Comparison between the spatial distribution of the suitability for human leptospirosis and the distribution of incidence of the disease

We assessed the level of agreement between the spatial distribution of the suitability for human leptospirosis and the distribution of the incidence of the disease in the UA of Santa Fe given that it can be considered as an indicative measure of the strength by which environmental and socioeconomic conditions influence the occurrence of the disease [18, 85]. We applied the Pearson correlation coefficient to compare suitability scores from the knowledge-based index and the incidence of the disease. We compared the distribution of leptospirosis incidence between clusters using non-parametric Kruskal–Wallis and Wilcoxon tests. All analyses were performed using the free Statistical software R 2.8.1 version [37].

Results

Epidemiological and socio-environmental databases

In the UA Santa Fe, a total of 291 human leptospirosis cases were reported for the period 2010–2019 by the SIVILA: 92 confirmed cases and 199 probable cases (31.6% and 68.4%, respectively). Most records came from the city of Santa Fe (233 records, 80.1%). Based on the quality of locality descriptions, we were able to geocode 164 records (56.36%): 44 confirmed cases and 120 probable cases.

We removed the proportion of housings with bare floor from both, CSc and ESc scenarios, and proportion of low vegetation, NDVI and edge density from ESc scenario because of a VIF > 5 (Table 2).

Table 2 Variance Inflation Factor (VIF) and Pearson coefficient (R) for human leptospirosis determinants in both the Conservative and Explorative scenarios (Csc and Esc, respectively)

Knowledge-based index

We found an increasing suitability gradient for the occurrence of human leptospirosis from downtown areas of the cities of Santa Fe and Santo Tomé towards peri-urban and suburban areas (Fig. 2). Suitability gradients obtained from both scenarios, CSc and ESc, were positively correlated (r = 0.55, P-value < 0.001). Additionally, we obtained a low degree of similarity between both scenarios according to the Fuzzy Inference System (Fuzzy global matching = 0.44). Greater differences in suitability scores between both scenarios were observed at the city of Santo Tomé and suburban areas of the UA (Fig. 3).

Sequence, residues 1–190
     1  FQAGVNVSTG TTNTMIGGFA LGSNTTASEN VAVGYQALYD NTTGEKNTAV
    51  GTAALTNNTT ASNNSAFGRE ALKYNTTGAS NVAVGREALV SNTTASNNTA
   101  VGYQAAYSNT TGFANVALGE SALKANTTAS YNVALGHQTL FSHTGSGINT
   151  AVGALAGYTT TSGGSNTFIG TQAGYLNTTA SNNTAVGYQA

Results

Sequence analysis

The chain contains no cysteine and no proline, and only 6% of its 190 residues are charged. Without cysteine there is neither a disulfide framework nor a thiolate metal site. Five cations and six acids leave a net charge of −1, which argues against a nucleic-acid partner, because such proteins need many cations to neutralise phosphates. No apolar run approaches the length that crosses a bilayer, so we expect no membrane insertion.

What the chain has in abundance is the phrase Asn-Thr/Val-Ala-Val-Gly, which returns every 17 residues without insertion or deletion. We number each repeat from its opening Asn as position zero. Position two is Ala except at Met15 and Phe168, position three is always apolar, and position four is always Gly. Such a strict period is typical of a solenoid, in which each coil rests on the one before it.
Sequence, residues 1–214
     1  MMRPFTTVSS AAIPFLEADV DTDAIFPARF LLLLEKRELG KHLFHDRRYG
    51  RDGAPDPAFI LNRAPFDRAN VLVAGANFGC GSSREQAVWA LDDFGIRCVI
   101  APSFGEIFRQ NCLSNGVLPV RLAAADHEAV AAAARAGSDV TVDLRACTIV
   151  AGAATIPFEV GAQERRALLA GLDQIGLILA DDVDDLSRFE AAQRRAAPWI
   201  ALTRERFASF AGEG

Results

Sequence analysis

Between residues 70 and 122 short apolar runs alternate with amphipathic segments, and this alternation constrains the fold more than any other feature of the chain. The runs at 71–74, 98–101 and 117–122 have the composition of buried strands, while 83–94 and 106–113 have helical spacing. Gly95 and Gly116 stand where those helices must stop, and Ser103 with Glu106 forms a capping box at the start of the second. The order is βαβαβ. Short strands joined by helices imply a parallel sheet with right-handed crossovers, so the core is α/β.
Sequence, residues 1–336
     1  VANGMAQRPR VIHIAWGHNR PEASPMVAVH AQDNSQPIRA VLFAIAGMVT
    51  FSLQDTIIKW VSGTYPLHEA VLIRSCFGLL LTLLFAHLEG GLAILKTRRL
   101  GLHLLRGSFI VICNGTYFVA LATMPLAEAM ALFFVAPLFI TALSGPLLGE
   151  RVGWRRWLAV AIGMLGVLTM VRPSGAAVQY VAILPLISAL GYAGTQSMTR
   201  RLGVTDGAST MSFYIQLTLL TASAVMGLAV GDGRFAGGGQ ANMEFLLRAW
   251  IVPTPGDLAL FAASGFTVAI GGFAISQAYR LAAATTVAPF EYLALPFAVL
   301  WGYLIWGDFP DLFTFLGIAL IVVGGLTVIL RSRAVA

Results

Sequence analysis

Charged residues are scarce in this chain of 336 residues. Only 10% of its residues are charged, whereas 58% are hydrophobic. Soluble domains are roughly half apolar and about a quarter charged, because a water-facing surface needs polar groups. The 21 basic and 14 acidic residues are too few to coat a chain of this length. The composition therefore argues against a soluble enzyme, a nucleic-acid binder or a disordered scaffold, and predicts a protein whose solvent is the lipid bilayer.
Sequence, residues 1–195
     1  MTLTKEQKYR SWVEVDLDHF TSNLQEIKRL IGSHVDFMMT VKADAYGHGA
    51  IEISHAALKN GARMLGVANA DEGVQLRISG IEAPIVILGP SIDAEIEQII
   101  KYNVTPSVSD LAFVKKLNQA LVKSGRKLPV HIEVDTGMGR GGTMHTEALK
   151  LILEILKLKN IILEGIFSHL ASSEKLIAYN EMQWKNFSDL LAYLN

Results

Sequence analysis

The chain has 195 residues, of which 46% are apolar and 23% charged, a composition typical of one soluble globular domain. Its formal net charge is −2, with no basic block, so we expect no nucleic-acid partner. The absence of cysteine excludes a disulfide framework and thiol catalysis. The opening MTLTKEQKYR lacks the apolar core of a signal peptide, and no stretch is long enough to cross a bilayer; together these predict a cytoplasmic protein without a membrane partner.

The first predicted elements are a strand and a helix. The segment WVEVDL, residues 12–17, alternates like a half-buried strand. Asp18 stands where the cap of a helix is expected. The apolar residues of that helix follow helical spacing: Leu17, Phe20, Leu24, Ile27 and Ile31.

Fig. 2
figure 2

The gradient of the environmental and socioeconomic suitability (hereafter “suitability”) for human leptospirosis across the urban agglomeration of Santa Fe. A The suitability for human leptospirosis according to the Conservative scenario. B The suitability for the human leptospirosis according to the Explorative scenario

Fig. 3
figure 3

The Fuzzy Inference System comparison between the environmental and socio-economic suitability for human leptospirosis obtained from both the Conservative and Explorative scenarios

Cluster analysis

We did not find significant differences between socio-environmental profiles from both scenarios. The cluster 1 (CSc1 and ESc1) mainly included downtown areas of Santa Fe and Santo Tomé, while cluster 2 (CSc2 and ESc2) and cluster 3 (CSc3 and ESc3) overlapped peripheral and suburban areas of the UA Santa Fe (Fig. 4). In the CSc, cluster 2 mainly overlapped suburban areas while cluster 3, peripheral areas of the Santa Fe city (Fig. 4a). In contrast, cluster 3 included suburban areas in the ESc (Fig. 4b). Clusters were distributed along the first and second PC (Fig. 5). According to the first PC, cluster 1 (CSc1 and ESc1) was characterized by higher levels of education and better housing conditions than cluster 2 (CSc2 and ESc2) and cluster 3 (CSc3 and ESc3) (Fig. 5). According to the second PC, cluster 2 (CSc2 and ESc2) and cluster 3 (CSc3 and ESc3) presented different environmental conditions suitable for human leptospirosis (Fig. 5). Differences in the geographic space of clusters between both scenarios were mainly presented in cluster 2 and cluster 3 (Fig. 6).

Fig. 4
figure 4